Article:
Standards-based grading is a shift many K-12 school systems are implementing to measure student performance based on the mastery of learning standards. This is different than traditional grading where student performance is measured based on an average of all of the work a student has done within a given period of time.
Standards-Based Grading vs. Traditional Grading: Riding a unicycle
Consider an adult who is learning how to ride a unicycle. The ultimate goal is for the adult to ride the unicycle 50 feet without falling off. In standards-based learning, we know the adult has “mastered” the skill of riding a unicycle if the adult is able to ride a unicycle 50 feet.
While the adult is learning to ride the unicycle, he is practicing (a formative assessment). On the first day of our two-week unit on learning to ride a unicycle, he can’t even sit on the unicycle without falling over. Slowly but surely, he begins to get better. Pretty soon, he is riding the unicycle ten feet before he needs to put his feet on the ground. After two weeks of practice, he is finally able to ride the unicycle 50 feet without falling. He has mastered the skill!
In traditional grading, this man would be graded on each attempt to ride the unicycle. Using a points grading scale, each foot covered is one point out of a total of fifty points for covering the desired distance. In the beginning, he would receive Fs for each time that he tried to ride the unicycle but couldn’t. As he got closer to being able to ride the unicycle 50 feet, his grade on each attempt would go up. He would earn a C for going 35 feet. Then, a B for going 40 feet.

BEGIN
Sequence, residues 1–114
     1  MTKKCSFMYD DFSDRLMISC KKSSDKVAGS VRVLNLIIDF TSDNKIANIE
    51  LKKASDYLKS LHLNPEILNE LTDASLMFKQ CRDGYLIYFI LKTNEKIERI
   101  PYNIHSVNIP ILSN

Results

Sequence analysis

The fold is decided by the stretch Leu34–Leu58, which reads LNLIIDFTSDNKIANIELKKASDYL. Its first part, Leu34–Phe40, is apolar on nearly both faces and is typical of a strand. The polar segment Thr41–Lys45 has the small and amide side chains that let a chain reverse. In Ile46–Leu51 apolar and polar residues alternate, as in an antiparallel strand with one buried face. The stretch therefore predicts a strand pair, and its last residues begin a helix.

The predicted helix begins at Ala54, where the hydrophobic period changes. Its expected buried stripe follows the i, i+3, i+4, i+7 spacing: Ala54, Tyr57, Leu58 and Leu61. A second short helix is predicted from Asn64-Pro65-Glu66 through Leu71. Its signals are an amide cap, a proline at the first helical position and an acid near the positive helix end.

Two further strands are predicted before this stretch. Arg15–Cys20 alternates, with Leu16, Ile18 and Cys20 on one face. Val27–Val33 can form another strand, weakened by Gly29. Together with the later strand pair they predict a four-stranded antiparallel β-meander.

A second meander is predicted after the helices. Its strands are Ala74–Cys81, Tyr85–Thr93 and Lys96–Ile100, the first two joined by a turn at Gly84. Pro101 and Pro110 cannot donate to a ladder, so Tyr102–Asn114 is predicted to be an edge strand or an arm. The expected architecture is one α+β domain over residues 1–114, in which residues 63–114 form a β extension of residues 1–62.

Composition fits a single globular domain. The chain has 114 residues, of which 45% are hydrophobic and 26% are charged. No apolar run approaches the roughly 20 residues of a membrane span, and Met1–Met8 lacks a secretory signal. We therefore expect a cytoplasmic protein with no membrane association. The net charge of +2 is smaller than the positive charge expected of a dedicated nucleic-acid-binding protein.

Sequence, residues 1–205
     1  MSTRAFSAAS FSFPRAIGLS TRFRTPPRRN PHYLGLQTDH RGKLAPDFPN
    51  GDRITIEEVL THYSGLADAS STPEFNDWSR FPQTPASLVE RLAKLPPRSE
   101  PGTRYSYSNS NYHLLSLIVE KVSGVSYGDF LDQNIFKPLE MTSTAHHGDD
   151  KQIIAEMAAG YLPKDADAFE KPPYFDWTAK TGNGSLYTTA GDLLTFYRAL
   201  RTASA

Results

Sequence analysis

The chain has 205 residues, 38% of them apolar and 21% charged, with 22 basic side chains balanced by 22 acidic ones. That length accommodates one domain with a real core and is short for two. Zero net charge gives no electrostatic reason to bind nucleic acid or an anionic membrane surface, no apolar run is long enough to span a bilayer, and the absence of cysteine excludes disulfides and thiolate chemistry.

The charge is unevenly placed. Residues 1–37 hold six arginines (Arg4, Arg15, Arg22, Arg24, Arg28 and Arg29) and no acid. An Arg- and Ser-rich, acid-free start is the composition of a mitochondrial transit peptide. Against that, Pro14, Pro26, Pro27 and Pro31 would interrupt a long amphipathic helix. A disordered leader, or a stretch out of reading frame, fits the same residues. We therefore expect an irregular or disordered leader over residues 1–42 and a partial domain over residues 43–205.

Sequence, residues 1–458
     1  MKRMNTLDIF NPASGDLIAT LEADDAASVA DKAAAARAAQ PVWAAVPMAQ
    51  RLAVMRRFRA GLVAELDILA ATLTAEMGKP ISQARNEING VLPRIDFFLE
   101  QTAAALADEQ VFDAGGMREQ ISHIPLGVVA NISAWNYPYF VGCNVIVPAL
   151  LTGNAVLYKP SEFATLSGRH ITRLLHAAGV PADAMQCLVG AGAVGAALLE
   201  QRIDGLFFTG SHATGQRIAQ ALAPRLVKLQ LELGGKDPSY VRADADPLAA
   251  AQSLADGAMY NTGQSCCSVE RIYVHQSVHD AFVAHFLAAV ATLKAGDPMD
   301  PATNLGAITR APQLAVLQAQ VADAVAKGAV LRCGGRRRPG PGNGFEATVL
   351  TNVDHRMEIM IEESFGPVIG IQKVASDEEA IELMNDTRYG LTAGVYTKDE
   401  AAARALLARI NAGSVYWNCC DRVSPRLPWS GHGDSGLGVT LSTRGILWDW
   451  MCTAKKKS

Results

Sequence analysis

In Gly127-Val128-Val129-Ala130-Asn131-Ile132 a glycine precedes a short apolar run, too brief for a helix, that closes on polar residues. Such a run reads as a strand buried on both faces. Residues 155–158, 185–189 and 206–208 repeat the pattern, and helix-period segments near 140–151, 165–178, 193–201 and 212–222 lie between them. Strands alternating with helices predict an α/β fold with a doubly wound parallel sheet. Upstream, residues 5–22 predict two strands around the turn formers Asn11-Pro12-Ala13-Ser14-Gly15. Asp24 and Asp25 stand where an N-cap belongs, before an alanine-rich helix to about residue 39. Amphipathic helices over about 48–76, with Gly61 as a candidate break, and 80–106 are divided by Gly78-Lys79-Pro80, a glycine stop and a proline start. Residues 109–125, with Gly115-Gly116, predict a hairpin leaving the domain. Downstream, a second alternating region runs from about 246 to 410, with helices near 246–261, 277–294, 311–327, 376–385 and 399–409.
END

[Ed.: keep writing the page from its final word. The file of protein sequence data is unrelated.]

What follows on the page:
If we were to give him a final grade, we would average all of his attempts to ride a unicycle 50 feet and give him a grade. In this case, a B-. But, is this right? The goal was to ride a unicycle 50 feet. And, he did it! Does a B- accurately describe the fact that this person successfully rode a unicycle 50 feet without falling over?
To be able to say that he Mastered the skill of unicycle riding is a much more accurate way to describe his ability than taking the average of each of his attempts and giving a final grade.
But what about high school and college?
Just because your K-8 student is in a school that uses standards-based grading does not mean that your child will be unprepared for high school or college. As a matter of fact, it may allow your child to be better prepared. To read some of this research, click here.
When a student receives a B+ in Math, it tells parents that 87% of the time the student was assessed in Math, the student answered correctly. This grade tells you nothing about what was assessed. It also assumes that the 13% of Math content that the student didn’t get right isn’t important- a B+ is pretty good!
When standards-based grading is used, students and parents know the specific skills that a student has mastered. This allows the student to focus their practice so that they know exactly what to work on in order to master the skill.
When the student gets to high school where a traditional grading scale is used, that student will have a seamless experience because, so long as a skill has been mastered, they should get an A on the assessment of that skill.
To say that standards-based grading doesn’t prepare students for the real world is an easy way to reject a well-researched and proven instructional methodology.
Is your school using standards-based grading? Share your experiences with us on Twitter at @OtusK12.